Sunday, April 8, 2012

Low Carb Hot Fudge Sundae Recipe (and Why I Won't Eat It)

It is possible to construct a great tasting, low carb hot fudge sundae using the following recipe. I cobbled together the recipe below using my experience eating in France as a guide.

Ice Cream
2 cups heavy whipping cream
3 egg yolks
1 tablespoon pure vanilla extract
Artificial sweetener to equal 1/2 cup of sugar

Mix all ingredients together and pour into an ice cream maker (such as this Cuisinart). In 25 minutes, you have vanilla ice cream.

Total grams of carbs in the entire batch: 2 (in the egg yolks and vanilla extract). Assuming you get eight small servings of ice cream, that is about 1/4 of a carb per serving.

Hot Fudge Topping
100 grams 70% dark chocolate (e.g., Lindt 70% dark chocolate, available at Wal-Mart)
1/4 cup heavy whipping cream
3 tablespoons of butter

Break chocolate bar into pieces over a double boiler, and add the butter. When the butter and chocolate are melted, add in the heavy whipping cream. Remove double boiler from heat source, but leave over the boiler until ready to serve. It will be hot going on to the ice cream but will harden to a shell if left on the ice cream for too long.

Makes three servings. Total carbs in the batch: 33, or 11 per serving.

Whipped Cream
Whip up a quarter cup of heavy whipping cream and sweeten with your favorite artificial sweetener.

Servings: 2. Total carbs: 0.

Making the Hot Fudge Sundae
Make the hot fudge sundae by scooping out 1/2 cup of ice cream, 1/3 of the hot fudge topping, and half of the whipping cream.

Total carbs per decadent serving: about 12.

This is an example of a high fat, low carb (and low protein) dessert. According the the received wisdom, that carbs alone are fattening, that eating fat helps us lose weight, and that calories don't count, this should be an ideal food for weight loss.

But look at the calorie count in the dessert listed above: 250 calories per half cup serving of the ice cream, 325 calories for the hot fudge topping, and 100 calories for the whipping cream. A total of 675 calories for a relatively small dessert. Assuming that you only eat the portions described above.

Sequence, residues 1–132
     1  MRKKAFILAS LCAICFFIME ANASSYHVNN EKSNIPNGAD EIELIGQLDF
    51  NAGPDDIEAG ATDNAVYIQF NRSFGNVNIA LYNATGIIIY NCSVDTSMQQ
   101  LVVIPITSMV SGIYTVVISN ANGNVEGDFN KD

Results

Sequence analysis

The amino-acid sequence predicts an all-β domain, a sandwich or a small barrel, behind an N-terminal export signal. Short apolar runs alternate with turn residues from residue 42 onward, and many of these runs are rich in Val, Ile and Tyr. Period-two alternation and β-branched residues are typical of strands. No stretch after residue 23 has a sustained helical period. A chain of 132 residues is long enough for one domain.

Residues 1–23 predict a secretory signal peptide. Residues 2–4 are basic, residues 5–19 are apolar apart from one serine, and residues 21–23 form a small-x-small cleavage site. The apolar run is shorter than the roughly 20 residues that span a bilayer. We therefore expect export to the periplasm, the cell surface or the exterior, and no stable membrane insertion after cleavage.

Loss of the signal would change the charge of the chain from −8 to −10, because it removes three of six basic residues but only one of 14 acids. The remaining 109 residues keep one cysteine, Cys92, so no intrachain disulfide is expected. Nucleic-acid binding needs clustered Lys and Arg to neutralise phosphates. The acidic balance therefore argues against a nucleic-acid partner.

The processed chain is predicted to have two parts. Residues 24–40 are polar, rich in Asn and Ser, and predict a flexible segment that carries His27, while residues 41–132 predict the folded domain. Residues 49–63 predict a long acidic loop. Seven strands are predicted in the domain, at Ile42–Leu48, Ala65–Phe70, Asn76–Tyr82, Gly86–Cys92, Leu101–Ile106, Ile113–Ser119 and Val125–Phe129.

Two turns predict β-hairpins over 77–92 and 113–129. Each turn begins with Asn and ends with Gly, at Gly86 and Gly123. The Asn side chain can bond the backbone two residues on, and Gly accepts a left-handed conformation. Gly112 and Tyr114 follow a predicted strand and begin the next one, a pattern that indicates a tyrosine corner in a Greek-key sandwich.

But hey, even if you ate the entire batch, it would only have 35 total grams of carbs, so it shouldn't be fattening, should it? I could eat the whole batch and still stay in ketosis. Just ignore the 3,017 total calories. Move along, nothing to see. Prominent low carbers are actually promoting dessert recipes laden with fat similar to my hot fudge sundae recipe above, so this is not an extreme example. (The "prominent low carber" recipe linked to above contains a whopping 4,400 calories and fits into a 9x13 pan, so I am assuming there are 12 bars per recipe, or 365 calories per square. Sincere question: how many people would eat just one square?).

And I won't even begin to discuss all of the food reward issues in the hot fudge sundae recipe.

Which is why I am no longer following a low carb diet. I eat a sane diet (the Perfect Health Diet) comprised of real, nourishing foods. It's calories that matter for weight loss, in combination with real, whole foods and exercise.


  1. Just found your blog, good for you going away from low carb!

  2. Hi Debbie. It took a while, but I eventually saw the light. Real food, humanely produced, in moderation, plus adequate exercise is the way to go.

  3. Bravo on not being a tool. What's scary is how easily manipulated we are in this day and age. We have been told from day one junk is bad for us, but under the guise of 'low carb' it suddenly turns good? Scary that most of us can't distinguish right from wrong. Right now it's 'just' (and i say that very loosely) nutrition, but what else is victim to our wavering discretion?

  4. I think this is my first visit to your blog. Anyway, I just wanted to let you know that the Perfect Health Diet link on the left actually goes to Free the Animal. I checked the others and they were correct. I didn't see a way to email you about it, so putting it in a comment.

    I agree with you about the recipe above. Heavy cream is dangerous. Maybe it's because it's a liquid, but it was really easy for me to eat a lot of it without realizing when I was on a LC diet. It was much worse for me than the cheese and nuts that a lot of people have trouble with.

  5. Thanks for the head's up. I fixed the link.

  6. It seems like low carb advocates and enthusiasts have been making a transition from being former carboholics to becoming lipoholics. I can't help but think that it's just a matter of time before the trend really harms the community.

    I just started a blog and one of my first posts is about observing this trend in Jimmy Moore: From Carboholic to Lipoholic . I'm glad I ran across the likes of CarbSane and Paul Jaminet who helped me avoid that pitfall.